# Proving $310 \mid n^{121}-n$ for all integers $n$

I wrote it as $n^{120}=1\pmod{310}$ and thought I'd divide it in simpler congruences with primes (is this right?)

$$n^{120}=n^{4\cdot30}=1\pmod{31}$$

$$n^{120}=n^{30\cdot4}=1\pmod{5}$$

But then I'm stuck on this one: it seems to be a false congruence and I guess I can't apply Fermat's theorem on this one, or can I? How do I solve it?

$$n^{120}=1\pmod{2}$$

If this approach is valid I'd prefer answers continuing from here if possible.

• This is not true for $n = \pm 1$. – Alex Silva Jan 2 '15 at 11:55
• In fact, it does not hold for any odd $n$. – Some Math Student Jan 2 '15 at 11:57
• I think it holds only for numbers in the form $310k$, with $k \in \mathbb{Z}$. – Alex Silva Jan 2 '15 at 11:58
• It does actually, I'm checking by plugging number on Wolframalpha, I'm kind of confused right now lol – Snowflake Jan 2 '15 at 12:03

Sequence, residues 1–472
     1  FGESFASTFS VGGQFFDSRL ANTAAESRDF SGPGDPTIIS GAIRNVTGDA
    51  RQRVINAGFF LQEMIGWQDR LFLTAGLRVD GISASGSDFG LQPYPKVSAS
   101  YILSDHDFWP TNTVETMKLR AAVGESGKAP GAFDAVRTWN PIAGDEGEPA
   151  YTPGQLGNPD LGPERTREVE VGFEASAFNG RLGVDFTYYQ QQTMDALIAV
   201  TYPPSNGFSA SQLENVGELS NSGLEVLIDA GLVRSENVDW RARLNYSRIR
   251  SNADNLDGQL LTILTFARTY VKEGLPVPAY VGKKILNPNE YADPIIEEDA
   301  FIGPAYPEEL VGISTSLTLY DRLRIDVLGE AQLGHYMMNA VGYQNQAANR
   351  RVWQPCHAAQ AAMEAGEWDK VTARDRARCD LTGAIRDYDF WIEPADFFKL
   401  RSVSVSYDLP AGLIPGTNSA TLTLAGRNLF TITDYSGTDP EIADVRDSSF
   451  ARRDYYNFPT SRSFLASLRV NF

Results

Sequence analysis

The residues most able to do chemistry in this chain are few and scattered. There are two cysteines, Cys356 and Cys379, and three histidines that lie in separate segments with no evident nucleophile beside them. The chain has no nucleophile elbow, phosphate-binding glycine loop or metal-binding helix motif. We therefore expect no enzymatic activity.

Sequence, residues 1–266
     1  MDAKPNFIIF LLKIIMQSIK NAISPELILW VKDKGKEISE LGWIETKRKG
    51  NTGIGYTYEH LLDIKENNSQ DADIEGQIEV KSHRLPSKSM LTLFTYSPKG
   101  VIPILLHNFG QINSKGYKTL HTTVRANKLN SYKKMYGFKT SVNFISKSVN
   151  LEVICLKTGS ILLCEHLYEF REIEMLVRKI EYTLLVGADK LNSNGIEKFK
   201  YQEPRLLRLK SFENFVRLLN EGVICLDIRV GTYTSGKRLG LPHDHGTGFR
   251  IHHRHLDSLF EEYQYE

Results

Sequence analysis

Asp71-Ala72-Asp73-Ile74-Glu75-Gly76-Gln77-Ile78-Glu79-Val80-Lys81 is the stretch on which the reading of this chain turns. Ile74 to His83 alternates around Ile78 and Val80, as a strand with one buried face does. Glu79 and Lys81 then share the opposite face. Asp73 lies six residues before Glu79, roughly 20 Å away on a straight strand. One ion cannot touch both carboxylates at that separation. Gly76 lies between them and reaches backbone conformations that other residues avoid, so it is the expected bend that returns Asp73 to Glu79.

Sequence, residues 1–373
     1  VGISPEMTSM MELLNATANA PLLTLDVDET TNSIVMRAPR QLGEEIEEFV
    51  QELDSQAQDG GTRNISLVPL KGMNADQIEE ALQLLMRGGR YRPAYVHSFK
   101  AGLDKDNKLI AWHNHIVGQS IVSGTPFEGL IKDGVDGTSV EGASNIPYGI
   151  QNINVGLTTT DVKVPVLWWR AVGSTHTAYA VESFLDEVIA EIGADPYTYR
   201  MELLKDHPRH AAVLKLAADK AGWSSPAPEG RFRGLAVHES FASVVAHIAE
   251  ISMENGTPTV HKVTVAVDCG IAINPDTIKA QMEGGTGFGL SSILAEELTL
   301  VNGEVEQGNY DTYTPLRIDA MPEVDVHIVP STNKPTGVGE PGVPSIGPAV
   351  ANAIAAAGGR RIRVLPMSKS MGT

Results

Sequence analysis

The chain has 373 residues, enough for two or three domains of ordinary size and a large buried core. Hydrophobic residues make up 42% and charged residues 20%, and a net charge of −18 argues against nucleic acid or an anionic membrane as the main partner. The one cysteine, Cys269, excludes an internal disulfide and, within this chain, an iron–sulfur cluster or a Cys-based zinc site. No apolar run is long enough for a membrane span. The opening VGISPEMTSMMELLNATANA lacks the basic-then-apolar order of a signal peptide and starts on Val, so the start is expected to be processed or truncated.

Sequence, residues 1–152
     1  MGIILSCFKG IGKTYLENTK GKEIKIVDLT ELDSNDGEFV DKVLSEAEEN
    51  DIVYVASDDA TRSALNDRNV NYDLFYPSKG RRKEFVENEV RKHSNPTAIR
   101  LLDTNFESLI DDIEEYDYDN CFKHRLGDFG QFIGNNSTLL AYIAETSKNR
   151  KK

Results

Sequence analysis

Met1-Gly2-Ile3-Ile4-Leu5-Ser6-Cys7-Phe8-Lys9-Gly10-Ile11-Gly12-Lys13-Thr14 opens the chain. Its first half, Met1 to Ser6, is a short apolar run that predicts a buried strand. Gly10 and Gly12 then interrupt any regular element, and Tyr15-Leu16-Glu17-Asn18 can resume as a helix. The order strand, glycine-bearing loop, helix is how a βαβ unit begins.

• What? This is bizarre. Do you really think $310|n^{121}$ for every integer $n$? The only prime factors of $n^{121}$ are just the prime factors of $n$ with repetition. You are saying that every integer contains the prime factors of $310$. Isn't that a bit unbelievable? – MPW Jan 2 '15 at 12:05

Hint: $\varphi(310)=120$, where $\varphi$ is the Euler totient function.
Hint: Remember that Fermat's theorem is actually a special case of Euler's theorem: given $\gcd(n, a) = 1$, then $n^{\phi(a)} \equiv 1 \pmod a$. Since $\phi(p) = p - 1$ for $p$ prime, you get Fermat's theorem.
Since $\phi(310) = 120$, that means that if $\gcd(n, 310) = 1$, then $n^{120} \equiv 1 \pmod{310}$. That also means that $n^{121} \equiv n \pmod{310}$ and therefore $n^{121} - n \equiv 0 \pmod{310}$ .
Of course if $n$ is a multiple of 310, then $n^\alpha \equiv 0 \pmod{310}$ for any exponent $\alpha \in \mathbb{Z}^+$. Then $n^{120}$ and $n^{121}$ are also multiples of 310, but guess what, so is $n^{121} - n$.